Dr André-Marie Tchouatieu
Associate Director, Access & Product Management, Medicines for Malaria Venture (MMV)
As anxiety around the COVID-19 pandemic is felt around the globe, the voices of those at risk of malaria ring in parallel – voices that often go unheard.
According to the World Health Organization (WHO), malaria takes a child’s life every two minutes.
The vast majority of incidence and mortality occur in sub-Saharan Africa, where health systems are fragile, and any extra burden placed on scarce resources could be the difference between saving or losing lives.
Protecting young children from malaria
In the Sahel sub-region of Africa, 60% or more of total malaria cases occur during the four to five month rainy season between July and November.
During this period, Seasonal Malaria Chemoprevention (SMC), a WHO-recommended strategy, is used to protect young children from malaria.
The intervention requires the administration of doses of a child-friendly medicine once per month (over three days) for the duration of the season and has been proven to prevent malaria in children under five by approximately 75%.
Recent progress has been remarkable in the scale-up of this intervention. In a UNITAID-funded project, seven countries in the Sahel region received support in piloting and increasing the reach of SMC.
By project end, coverage had more than doubled from 2.6 million children in 2014 to over 6.5 million in 2016. Medicines for Malaria Venture (MMV) supported the project by strengthening and diversifying the supply of medicines to meet the growing demand for SMC. In 2018, SMC coverage ensured protection for up to 20 million children. Currently, MMV is supporting the scale-up of the intervention in 13 countries.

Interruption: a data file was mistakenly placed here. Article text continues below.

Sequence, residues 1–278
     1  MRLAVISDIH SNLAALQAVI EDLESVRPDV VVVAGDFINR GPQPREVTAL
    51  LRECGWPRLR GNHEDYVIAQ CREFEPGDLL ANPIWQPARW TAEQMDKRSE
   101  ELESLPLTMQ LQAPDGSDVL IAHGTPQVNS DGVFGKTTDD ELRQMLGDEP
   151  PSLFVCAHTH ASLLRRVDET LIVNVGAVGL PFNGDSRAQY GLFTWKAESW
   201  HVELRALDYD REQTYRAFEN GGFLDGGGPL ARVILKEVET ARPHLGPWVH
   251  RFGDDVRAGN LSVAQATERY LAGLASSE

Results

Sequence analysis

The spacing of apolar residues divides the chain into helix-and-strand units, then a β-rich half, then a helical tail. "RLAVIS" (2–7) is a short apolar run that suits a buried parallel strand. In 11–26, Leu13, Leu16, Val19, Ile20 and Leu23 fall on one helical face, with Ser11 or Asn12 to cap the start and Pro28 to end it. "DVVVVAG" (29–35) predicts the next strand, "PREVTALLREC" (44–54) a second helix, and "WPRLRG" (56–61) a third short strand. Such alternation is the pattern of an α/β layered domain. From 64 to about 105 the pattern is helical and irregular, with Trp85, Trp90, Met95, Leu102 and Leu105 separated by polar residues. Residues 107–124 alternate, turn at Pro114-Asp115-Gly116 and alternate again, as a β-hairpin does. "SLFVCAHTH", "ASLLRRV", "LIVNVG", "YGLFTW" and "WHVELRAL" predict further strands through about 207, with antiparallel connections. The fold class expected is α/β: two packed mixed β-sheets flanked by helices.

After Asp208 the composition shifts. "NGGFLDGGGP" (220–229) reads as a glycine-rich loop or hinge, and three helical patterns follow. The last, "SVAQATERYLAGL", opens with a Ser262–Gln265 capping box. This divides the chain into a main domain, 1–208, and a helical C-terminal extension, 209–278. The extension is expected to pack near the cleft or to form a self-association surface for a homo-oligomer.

A shortage of funding
Despite major progress, there remain challenges to the implementation of SMC. Although key funding partners have remained committed and increased their support, the intervention is out of reach for many eligible children, particularly in Nigeria, Chad and Guinea Bissau: about 10 million children do not yet benefit from SMC due to a shortage of funding.
The lack of resources also constrains the potential for expansion of SMC to older children between five and ten years of age, who remain unprotected.
COVID-19 and SMC
In addition, the COVID-19 pandemic has brought new obstacles, threatening both the supply of critical medicines and the ability of national and regional authorities to coordinate adequate supply and coverage.
The intervention also relies heavily on the impressive determination of community health workers who walk miles from village to village each day, to ensure that children receive their preventive medicine treatment.
Unfortunately, safety measures to cope with COVID-19 include social distancing for the protection of villagers and health workers alike; these measures will make deployment that much more daunting.
The WHO Global Malaria Program recently published new guidance including measures that can be taken to reduce the risk of health workers being infected with COVID-19 during the delivery of community-level malaria control interventions in order to address these challenges.
To realise the maximum benefit that can be provided by SMC, more country-based funding is needed, not only to expand access to the over 10 million children who remain at risk and without protection, but to ensure that, during this time of uncertainty, SMC can continue to save young lives.